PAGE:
Spokane Valley soon may have more police on the streets when they’re needed most.
A proposed reorganization of the patrol division that includes the hiring of two additional deputies and the creation of a fifth platoon to augment staffing during the busiest hours of the day was rolled out this week for Spokane Valley City Council members.
The plan would cost about an extra $300,000 a year for the two additional deputies, plus about $70,000 in one-time costs for new equipment and proposed improvements to the Valley’s police station. The City Council is expected to consider a formal proposal in the coming weeks.
“The fact that we can even be discussing this as a city is pretty remarkable,” said Deputy Mayor Arne Woodard. “You look at how many cities are still laying off staff.”
Spokane Valley, which contracts with the Spokane County Sheriff’s Office for police services, has maintained steady law enforcement staffing despite the economic downturn that has led to steep layoffs and hiring freezes in other communities.
The city pays the Sheriff’s Office about $17 million a year to provide law enforcement coverage under a contract that dedicates a little more than 100 deputies to Spokane Valley, with nearly half of them assigned to patrol duties. The others include administrators, supervisors, detectives and school resource officers. The city also provides a police station, equipment and vehicles.
Under the proposed reorganization, the rank of corporal would be eliminated and the positions redistributed. Three would be upgraded to sergeants, two would be turned into detectives and one position converted to patrol deputy in the new platoon.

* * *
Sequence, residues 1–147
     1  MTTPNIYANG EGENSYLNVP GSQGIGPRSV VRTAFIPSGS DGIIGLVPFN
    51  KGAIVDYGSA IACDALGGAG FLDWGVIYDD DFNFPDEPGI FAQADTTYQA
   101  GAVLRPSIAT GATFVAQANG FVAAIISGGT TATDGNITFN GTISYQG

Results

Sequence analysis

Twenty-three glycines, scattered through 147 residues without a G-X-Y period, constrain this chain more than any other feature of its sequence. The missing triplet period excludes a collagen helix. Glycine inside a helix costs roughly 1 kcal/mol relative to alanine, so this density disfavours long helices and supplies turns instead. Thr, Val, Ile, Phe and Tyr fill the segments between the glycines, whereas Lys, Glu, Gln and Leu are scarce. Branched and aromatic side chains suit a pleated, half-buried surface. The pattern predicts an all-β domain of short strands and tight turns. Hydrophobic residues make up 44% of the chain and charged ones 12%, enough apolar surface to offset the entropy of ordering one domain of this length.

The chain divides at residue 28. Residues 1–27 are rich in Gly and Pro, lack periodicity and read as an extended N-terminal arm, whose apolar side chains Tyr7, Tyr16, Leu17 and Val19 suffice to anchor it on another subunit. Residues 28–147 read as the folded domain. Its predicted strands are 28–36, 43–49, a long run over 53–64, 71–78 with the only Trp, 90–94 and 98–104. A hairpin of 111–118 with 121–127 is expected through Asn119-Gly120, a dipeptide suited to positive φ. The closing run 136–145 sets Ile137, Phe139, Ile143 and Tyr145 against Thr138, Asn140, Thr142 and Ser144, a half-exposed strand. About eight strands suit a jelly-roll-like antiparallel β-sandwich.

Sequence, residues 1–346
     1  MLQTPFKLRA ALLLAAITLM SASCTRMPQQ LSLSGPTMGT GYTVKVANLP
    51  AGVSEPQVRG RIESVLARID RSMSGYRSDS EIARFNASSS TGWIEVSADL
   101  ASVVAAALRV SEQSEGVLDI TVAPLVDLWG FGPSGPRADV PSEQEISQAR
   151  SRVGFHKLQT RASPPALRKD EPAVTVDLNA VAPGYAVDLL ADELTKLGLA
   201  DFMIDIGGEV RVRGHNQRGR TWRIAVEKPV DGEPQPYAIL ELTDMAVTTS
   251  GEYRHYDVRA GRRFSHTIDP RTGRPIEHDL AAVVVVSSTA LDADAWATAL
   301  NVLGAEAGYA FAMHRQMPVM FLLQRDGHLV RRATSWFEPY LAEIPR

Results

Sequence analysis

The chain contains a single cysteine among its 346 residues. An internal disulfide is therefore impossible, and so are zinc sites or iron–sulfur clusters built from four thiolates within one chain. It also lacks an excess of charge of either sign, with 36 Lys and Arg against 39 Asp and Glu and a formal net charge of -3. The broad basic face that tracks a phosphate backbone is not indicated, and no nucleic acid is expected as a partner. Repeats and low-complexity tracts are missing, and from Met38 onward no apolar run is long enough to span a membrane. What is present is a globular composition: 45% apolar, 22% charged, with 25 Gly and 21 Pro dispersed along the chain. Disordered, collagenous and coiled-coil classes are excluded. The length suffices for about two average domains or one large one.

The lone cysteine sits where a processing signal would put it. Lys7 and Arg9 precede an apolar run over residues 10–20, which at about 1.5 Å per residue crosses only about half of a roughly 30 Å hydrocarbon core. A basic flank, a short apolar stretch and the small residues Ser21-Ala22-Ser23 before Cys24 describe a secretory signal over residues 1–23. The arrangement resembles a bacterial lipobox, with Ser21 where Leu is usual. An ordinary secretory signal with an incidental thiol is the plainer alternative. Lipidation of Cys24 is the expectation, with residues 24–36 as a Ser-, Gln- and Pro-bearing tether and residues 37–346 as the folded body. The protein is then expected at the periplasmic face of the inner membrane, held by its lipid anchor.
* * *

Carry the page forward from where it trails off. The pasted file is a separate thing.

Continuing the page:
The two new deputies plus one deputy from each of the existing four platoons would be transferred to the new “power shift” platoon. The deputies would work from 3 p.m. to 1 a.m., which is when Spokane Valley sees its greatest demand for police services.
The extra coverage would overlap between the existing dayshift and nightshift platoons, which average about seven on-duty deputies per shift, and serve to bolster the number of deputies on the road when they’re needed most.
“This is really not a new concept,” said Spokane Valley Police Chief Rick Van Leuven. “But it is a proven concept.”
With the Valley’s growing population and increasing calls for police service, Van Leuven said Lt. Matt Lyons crunched the numbers and looked for efficiencies.
City Manager Mike Jackson said he’d like to see the council consider the proposal this year, in part because it takes about a year to get a newly hired officer trained and on the road.